Is Hutchinson's line-item veto scheme legal? | Arkansas Blog

Friday, April 15, 2016

Is Hutchinson's line-item veto scheme legal?

Posted By on Fri, Apr 15, 2016 at 9:50 AM

click to enlarge ASA: Wants to save Obamacare through line-item veto. - BRIAN CHILSON
  • Brian Chilson
  • ASA: Wants to save Obamacare through line-item veto.

You've read here that Gov. Asa Hutchinson and his legislative leaders have cooked up a scheme to get the Obamacare Medicaid expansion approved with some procedural maneuvers.

The deal: The Medicaid budget will be amended to kill Arkansas Works, Hutchinson's new brand for the Obamacare expansion. The money is kept in the appropriation bill for all state medical services, however. The bill gets approved. The Terrible Ten who opposed Obamacare will have voted for a bill that kills Obamacare, knowing that when it reaches Hutchinson, he'll line item veto the provision killing Obamacare. The legislature can't come up with a majority to override the veto. Obamacare lives. The Terrible Ten claim they won.

It is one way to skin a cat, though I think it sets a poor precedent for future business. But .... is it legal?

An observer points me to a couple of past attorney general opinions on line item vetoes. These opinions have no force of law. But they are products of legal research unburdened by the partisan considerations that guide that office these days.

This is what the Constitution says about vetoes:

The Governor shall have power to disapprove any item or items of any bill making appropriation of money, embracing distinct items; and the part or parts of the bill approved shall be the law, and the item or items of appropriations disapproved shall be void, unless repassed according to the rules and limitations prescribed for the passage of other bills over the executive veto.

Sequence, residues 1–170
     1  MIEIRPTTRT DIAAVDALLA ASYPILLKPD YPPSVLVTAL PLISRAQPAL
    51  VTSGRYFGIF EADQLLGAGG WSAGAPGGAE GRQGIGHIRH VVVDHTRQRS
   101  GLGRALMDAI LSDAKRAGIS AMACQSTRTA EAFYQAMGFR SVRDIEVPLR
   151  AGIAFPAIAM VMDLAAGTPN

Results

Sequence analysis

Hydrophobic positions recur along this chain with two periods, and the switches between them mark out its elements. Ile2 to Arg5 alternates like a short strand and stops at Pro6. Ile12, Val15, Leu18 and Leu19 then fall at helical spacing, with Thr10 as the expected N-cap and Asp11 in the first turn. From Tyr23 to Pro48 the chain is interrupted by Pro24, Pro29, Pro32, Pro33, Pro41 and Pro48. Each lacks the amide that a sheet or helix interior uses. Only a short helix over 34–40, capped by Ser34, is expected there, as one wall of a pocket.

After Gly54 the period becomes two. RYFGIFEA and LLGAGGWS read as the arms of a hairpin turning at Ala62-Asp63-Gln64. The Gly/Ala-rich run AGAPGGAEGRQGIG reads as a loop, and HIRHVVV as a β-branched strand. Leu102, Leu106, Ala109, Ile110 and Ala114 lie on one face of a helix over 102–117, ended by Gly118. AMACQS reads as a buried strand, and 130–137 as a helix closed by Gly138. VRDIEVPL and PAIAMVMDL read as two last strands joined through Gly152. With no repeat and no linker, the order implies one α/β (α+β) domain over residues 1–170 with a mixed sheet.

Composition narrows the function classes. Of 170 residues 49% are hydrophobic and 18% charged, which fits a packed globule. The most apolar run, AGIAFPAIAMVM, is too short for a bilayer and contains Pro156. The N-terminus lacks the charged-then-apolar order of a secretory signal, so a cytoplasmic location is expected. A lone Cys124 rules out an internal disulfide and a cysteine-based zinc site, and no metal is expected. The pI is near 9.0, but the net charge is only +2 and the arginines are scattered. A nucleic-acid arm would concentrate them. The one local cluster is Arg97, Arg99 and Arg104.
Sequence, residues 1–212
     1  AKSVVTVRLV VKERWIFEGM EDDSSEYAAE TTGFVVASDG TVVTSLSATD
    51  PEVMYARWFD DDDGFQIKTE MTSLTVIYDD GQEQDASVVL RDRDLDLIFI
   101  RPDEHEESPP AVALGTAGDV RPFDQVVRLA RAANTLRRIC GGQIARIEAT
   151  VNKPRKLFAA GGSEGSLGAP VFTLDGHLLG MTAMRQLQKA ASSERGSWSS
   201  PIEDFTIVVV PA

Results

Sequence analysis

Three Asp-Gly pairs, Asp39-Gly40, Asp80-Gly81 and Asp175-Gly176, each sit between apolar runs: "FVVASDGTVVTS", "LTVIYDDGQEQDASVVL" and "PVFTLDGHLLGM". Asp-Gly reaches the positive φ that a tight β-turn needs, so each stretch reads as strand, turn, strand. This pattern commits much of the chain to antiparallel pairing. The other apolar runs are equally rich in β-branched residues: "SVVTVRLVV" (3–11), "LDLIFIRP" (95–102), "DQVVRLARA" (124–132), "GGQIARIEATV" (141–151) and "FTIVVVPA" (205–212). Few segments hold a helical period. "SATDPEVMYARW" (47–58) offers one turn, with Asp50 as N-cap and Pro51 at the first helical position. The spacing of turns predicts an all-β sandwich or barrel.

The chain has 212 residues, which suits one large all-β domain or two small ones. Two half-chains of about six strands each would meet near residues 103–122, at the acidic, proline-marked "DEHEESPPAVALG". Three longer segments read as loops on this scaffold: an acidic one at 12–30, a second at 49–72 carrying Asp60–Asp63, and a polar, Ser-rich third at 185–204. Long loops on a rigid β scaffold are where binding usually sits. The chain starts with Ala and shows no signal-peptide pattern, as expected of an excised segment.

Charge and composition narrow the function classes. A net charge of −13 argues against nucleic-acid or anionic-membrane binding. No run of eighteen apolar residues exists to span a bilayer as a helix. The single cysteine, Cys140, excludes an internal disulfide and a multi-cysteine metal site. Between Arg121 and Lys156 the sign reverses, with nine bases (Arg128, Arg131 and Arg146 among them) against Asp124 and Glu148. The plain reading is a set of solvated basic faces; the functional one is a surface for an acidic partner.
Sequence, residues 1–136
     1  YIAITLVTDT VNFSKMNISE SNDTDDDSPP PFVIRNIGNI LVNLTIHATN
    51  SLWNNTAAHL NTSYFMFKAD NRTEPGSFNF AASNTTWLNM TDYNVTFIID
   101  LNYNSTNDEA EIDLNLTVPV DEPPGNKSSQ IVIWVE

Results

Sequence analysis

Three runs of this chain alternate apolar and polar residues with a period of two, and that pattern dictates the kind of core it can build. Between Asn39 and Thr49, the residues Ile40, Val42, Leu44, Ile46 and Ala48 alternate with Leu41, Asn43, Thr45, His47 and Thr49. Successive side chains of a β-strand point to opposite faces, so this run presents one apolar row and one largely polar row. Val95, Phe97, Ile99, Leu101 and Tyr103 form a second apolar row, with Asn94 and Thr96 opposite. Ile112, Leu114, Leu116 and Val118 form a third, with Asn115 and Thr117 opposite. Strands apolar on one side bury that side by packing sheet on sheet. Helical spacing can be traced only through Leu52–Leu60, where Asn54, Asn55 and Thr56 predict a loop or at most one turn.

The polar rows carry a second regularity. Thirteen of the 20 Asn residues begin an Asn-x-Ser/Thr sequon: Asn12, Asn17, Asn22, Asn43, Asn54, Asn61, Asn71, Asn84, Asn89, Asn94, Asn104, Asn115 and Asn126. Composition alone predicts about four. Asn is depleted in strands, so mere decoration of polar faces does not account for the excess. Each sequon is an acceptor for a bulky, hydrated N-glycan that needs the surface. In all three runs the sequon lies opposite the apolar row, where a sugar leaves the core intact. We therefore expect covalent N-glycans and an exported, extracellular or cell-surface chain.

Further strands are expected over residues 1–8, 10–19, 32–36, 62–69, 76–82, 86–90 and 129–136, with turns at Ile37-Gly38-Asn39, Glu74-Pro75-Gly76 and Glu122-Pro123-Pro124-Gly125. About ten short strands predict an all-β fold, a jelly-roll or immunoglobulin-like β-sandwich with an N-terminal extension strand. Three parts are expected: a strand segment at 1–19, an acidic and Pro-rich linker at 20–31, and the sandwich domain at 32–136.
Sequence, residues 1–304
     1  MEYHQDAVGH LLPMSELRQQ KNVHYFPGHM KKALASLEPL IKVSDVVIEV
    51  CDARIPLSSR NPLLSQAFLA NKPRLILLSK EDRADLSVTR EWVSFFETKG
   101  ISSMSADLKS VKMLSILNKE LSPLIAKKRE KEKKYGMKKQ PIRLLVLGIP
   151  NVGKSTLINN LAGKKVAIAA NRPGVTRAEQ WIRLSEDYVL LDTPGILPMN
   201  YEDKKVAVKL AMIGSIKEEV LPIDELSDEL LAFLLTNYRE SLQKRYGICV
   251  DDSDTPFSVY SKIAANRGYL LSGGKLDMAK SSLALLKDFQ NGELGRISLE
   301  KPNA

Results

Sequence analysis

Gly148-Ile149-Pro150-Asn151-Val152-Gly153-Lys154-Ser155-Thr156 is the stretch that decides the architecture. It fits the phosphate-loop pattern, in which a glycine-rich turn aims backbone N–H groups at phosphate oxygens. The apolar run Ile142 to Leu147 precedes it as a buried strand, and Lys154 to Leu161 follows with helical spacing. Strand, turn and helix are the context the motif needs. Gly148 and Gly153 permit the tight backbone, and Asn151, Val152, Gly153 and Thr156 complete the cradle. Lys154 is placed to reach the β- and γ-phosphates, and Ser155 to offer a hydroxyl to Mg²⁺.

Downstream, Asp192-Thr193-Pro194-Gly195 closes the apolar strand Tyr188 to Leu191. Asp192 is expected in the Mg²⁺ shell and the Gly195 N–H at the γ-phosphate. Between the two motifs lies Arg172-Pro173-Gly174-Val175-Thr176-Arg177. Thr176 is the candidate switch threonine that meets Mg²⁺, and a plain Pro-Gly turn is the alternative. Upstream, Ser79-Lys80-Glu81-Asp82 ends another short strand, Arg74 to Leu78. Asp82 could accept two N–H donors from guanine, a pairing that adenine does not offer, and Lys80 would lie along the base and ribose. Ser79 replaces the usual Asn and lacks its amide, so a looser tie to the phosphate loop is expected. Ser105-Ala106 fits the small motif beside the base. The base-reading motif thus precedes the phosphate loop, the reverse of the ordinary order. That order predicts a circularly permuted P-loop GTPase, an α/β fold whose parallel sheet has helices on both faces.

A 1997 opinion by Winston Bryant said a governor couldn't line-item veto a portion of an education appropriation that year. The analysis turned on whether an item vetoed "can be fairly characterized as setting aside or dedicating funds for a specified purpose, or whether instead it imposes a condition, limitation, restriction, or other proviso on the expenditure of the separately appropriated funds." It seems you could argue the Arkansas Works killer amendment is more of a limitation, rather than a specific appropriation. The 1997 opinion notes the Arkansas law lacked precedent for guidance. But the 1997 opinion said a governor couldn't veto a restriction without also vetoing the appropriation.

Then, in 2001, the attorney general was asked about a veto in a Finance and Administration appropriation. Bryant again noted the lack of precedent for guidance. Again citing similar rules in other states and their construction, he wrote:

The general view in this regard is that the governor cannot veto provisions in an appropriation which act as a qualification, condition, or restriction on the appropriation without also vetoing the entire appropriation itself. 
He also wrote:
As pointed out in Masciocchi, The Item Veto Power In Washington, 64 Wash. L. Rev. 891, the rationale for what is termed this “narrow view” is that “removal of conditions and restrictions supplants the governor’s intent with that of the legislature in violation of the separation of powers doctrine.”